Darkness Is Ambidextrous (an Overview of the Left Hand of Darkness by Ursula Le Guin, and a Poem)
Title Already Taken
Welcome to another of my 2016 articles inspired by the titles of Ursula Le Guin novels. This is number nine in the series so far.
As with most in the series I was going to give the hub the same name as the book "The Left Hand of Darkness" but unfortunately the hubtool editor told me that title was already taken (even though a search didn't reveal another article with that name). So being the easy going guy I am I changed the name :)
I hope you enjoy "Darkness is Ambidextrous."
The Left Hand of Darkness (overview)
The Left Hand of Darkness is a science fiction novel published in 1969 by
In 1970, The Left Hand of Darkness won "best novel" in both the Hugo and Nebula Awards, an accolade given by the convention participants and other science fiction writers. In the 1975 Locus magazine Poll & Survey covering "novels", The Left Hand of Darkness placed third behind Frank Herbert's Dune (1965) and Arthur C. Clarke's Childhood's End (1963). In 1987 Locus ranked it at second among "All-Time Best SF Novels", after Dune.
Also in 1987, Harold Bloom said in a critical anthology about the book and said in the introduction: "Le Guin, more than Tolkien, has raised fantasy into high literature, for our time." (source: Wikipedia)
Fellow hubber Besarien says, "The Left Hand of Darkness is one of my favorite novels in any genre."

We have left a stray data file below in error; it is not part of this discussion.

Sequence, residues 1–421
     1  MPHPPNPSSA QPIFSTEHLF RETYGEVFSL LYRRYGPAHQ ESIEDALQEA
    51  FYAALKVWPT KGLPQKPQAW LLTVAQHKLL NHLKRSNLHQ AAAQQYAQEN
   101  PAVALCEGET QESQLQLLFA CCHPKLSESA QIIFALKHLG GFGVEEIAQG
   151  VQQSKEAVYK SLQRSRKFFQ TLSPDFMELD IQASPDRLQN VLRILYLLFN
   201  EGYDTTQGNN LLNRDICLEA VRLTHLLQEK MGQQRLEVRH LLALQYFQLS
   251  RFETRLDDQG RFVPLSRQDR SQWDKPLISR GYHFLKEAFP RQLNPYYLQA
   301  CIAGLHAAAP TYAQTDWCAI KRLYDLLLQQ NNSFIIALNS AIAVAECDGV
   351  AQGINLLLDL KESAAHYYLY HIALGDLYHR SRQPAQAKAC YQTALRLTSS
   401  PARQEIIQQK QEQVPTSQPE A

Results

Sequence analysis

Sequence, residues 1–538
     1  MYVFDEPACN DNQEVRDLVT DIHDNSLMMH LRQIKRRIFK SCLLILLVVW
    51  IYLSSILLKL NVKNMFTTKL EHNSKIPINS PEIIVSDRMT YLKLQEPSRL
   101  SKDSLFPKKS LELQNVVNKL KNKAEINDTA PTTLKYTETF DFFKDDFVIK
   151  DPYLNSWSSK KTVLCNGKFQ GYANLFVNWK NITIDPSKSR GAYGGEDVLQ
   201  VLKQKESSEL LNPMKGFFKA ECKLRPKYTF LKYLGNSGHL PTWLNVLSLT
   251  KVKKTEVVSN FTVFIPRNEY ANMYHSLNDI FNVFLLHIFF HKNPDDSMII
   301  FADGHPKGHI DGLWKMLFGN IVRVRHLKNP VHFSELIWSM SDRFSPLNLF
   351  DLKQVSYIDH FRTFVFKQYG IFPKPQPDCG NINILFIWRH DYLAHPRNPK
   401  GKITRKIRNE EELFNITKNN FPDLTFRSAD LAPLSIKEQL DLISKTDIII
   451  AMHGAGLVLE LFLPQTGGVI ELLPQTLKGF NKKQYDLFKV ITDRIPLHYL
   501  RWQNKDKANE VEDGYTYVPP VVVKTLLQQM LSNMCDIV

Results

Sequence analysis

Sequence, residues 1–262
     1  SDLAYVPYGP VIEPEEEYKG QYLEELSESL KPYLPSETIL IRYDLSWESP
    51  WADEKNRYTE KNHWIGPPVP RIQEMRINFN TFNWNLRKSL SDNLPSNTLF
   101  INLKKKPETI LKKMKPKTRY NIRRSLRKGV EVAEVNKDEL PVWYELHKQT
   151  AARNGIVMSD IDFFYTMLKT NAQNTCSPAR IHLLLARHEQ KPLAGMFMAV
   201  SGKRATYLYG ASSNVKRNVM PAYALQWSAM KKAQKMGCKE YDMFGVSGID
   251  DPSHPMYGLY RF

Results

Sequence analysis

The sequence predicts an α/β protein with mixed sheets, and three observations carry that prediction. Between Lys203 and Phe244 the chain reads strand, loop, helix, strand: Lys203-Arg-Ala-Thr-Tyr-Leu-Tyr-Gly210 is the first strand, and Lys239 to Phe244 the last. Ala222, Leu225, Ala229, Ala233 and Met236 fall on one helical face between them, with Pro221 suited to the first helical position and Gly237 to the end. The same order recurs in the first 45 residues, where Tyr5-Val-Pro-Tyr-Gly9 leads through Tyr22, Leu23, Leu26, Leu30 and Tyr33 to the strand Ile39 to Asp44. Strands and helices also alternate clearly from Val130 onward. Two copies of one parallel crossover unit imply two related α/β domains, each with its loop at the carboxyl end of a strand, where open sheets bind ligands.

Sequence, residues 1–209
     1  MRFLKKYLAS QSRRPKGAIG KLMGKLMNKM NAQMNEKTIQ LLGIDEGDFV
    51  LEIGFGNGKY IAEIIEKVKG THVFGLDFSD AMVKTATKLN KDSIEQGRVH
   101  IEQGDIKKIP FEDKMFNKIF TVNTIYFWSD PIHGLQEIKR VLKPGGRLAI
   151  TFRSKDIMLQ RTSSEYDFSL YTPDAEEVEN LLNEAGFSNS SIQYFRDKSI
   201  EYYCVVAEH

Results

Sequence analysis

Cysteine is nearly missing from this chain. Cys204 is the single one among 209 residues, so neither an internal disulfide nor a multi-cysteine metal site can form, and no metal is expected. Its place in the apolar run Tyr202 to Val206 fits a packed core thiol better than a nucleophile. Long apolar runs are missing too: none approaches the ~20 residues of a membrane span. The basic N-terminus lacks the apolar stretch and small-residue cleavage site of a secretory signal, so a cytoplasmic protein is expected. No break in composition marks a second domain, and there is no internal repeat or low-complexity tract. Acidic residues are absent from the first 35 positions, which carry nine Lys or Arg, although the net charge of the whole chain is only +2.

"The story is set in the fictional Hainish universe, which Le Guin introduced in her first novel Rocannon's World, published in 1966. In this alternative history, human beings did not evolve on earth, but on Hain. The people of Hain colonized many neighboring planetary systems, including Terra (Earth) and Gethen (Winter) around a million years prior to the setting of the novels. Some of these groups that "seeded" each planet were the subjects of genetic experiments, including on Gethen."
The Left Hand of Darkness tells the story of Genly Ai a lone human emissary (from Terra) sent to Gethen, an alien world whose inhabitants can choose -and change - their gender at certain times. His goal is to facilitate Gethen's (Winter's) inclusion in a growing intergalactic civilization. But to do so he must find middle ground between his own views and those of the totally different culture that he encounters.
Embracing many aspects of psychology, society, and human emotion on an alien world, The Left Hand of Darkness stands as a landmark achievement in the annals of intellectual science fiction. (source: Goodreads)
If you are a science fiction fan like me I hope you are now tempted to read this book by Ursula Le Guin and the others in the Hainish Cycle series. I have only begun reading her books in recent years and am sorry I didn't discover them earlier.
The Right Hand of Darkness
He does his master's bidding
No matter what the cost,
But all the riches he has gained
Are not worth what he's lost.
He drips in gold and money,
Much more than he can count.
Sex and drugs on offer
Like a never-ending fount.
To attain these worldly riches
He offered up his soul,
No thought of what may lie ahead,
Fulfilling Satan's goal.
He thinks he is invincible
In this short Earthly life.
Rape, assault and murder,
Expert with gun and knife.
Cheating and deceiving
Are talents he has honed.
Evil deeds excite him,
But one day he'll atone.
What awaits us after death?
Imagine if you can.
But I don't think there's any doubt
For the Devil's right-hand man.
© 2016 John Hansen